Donegal mother Bella Ward from Letterkenny has shared her heart-breaking, amazing story of one of her twin daughters, Kayleigh, who was born prematurely in critical condition.
Kayleigh was born with serious cardiac conditions and had to be airlifted to Crumlin hospital. There she received life-saving world-class care. Bella said she will never forget the kindness of the nurses in Crumlin hospital. And she said that she will always have a special place in her heart for CMRF Crumlin. CMRF Crumlin raises vital funds for Crumlin hospital and the National Children’s Research Centre (NCRC).
“My twin girls Kayleigh and Emily were born in Letterkenny Hospital at 34 weeks, but when they were one week old a nurse from the neonatal unit called us at 3am.” said Bella. “She told us Kayleigh was in a critical condition. It was terrifying. We didn’t know what was happening, we were so lucky the girls were in the neonatal unit and the team acted immediately. We knew something serious was wrong with Kayleigh’s heart and a team from the Rotunda stabilised our baby girl so she could be airlifted to Crumlin Hospital. She was far too ill to travel by road. My husband and I drove to Dublin after her and it was without doubt the worst journey of our entire lives.”
Bella explained that the duct in Kayleigh’s heart had started to close and her aorta was kinked. She also found out her tiny baby had Shone’s complex – four defects in her heart.
Kayleigh had surgery to repair her aorta and after three weeks they finally got to bring their baby girl home.
Bella said her mother was wonderful and took care of their other three children - a five year old, a three year old and a 10 month old.
“We didn’t see them for three weeks and it was difficult on all of us," she said. "I was so happy to get back to my family and reunite Kayleigh and her twin, Emily.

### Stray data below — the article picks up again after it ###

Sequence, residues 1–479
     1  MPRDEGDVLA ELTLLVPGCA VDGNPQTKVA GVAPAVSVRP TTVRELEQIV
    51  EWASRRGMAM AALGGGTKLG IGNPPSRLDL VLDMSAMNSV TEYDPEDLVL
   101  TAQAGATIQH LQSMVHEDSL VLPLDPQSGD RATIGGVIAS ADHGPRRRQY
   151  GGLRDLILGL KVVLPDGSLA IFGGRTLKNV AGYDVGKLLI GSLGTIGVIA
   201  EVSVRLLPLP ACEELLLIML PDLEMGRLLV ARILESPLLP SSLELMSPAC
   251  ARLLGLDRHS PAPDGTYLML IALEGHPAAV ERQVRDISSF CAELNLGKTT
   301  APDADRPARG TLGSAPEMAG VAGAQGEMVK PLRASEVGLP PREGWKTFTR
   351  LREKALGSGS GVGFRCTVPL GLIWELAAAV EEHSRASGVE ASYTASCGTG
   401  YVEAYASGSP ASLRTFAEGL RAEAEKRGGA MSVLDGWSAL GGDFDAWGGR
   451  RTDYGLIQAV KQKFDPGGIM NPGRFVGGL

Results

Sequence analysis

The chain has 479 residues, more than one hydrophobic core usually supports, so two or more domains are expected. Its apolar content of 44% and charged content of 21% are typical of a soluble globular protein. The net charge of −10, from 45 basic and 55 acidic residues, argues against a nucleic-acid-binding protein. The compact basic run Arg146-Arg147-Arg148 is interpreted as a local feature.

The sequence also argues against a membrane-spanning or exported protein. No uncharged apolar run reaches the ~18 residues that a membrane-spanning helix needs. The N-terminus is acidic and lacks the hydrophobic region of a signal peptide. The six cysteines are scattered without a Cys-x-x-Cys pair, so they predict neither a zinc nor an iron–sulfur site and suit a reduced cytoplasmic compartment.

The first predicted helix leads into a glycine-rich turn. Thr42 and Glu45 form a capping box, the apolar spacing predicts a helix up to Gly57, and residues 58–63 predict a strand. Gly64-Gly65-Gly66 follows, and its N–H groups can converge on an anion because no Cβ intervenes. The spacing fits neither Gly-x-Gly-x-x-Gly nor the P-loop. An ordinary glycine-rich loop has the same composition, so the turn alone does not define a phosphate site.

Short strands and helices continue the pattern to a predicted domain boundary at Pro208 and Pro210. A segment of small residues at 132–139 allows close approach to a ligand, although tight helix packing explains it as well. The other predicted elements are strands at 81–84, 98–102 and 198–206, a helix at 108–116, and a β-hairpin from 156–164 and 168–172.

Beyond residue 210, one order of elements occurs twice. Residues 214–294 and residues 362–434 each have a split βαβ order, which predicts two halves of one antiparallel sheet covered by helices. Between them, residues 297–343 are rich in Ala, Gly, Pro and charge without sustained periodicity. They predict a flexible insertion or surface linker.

“We brought Kayleigh back to Crumlin Hospital for a follow up appointment when she was seven weeks old and they noticed her aorta was closing in again and she was admitted again. She had her aorta ballooned and seemed to be doing well. The day we were planning to take her home we got a phone call to come in immediately. Kayleigh’s condition had deteriorated rapidly.
"The staff were waiting for us at the door of the ward and we found out she’d had a cardiac arrest. I was living my worst nightmare. That was the worst moment of my life. My tiny girl was put on an ECMO machine to keep her alive and the team talked us through everything. It was a blur, it happened so quickly. We were in shock and had to prepare for the worst."
But thankfully after 24 hours Kayleigh came off the ECMO machine.
"We really couldn’t believe it, it was such an emotional rollercoaster," said Bella. "There was a possibility that Kayleigh could have long-term health issues after this, but she’s five years old now and is doing incredibly.
“Kayleigh has annual appointments in Crumlin Hospital now, but luckily she hasn’t had to stay there since she was seven months old when she was in for her aorta again. Kayleigh and Emily are the best of friends. They mind each other and they’re doing great in school. Their personalities are very different; Emily is quite shy, while Kayleigh is outgoing and confident. I think that’s because of her experience in the hospital. Kayleigh gets herself in the most trouble too. She fell out of bed and got a concussion, she swallowed money and last July she fell off the trampoline and broke her arm. We’d wrap her up in cotton wool if we could. Sometimes I think if I roll her in bubble wrap, it would be safer.
“When Kayleigh was in hospital it was the scariest time for our family. We have such a huge amount of respect for Crumlin. My daughter wouldn’t be alive without the gifted, exceptional people working there. They’re like a family. They take care of you too. Crumlin Hospital is a very special place.”
Bella has urged the public to help support some of Ireland’s sickest children by donating whatever they can afford to https://cmrf.org/donate
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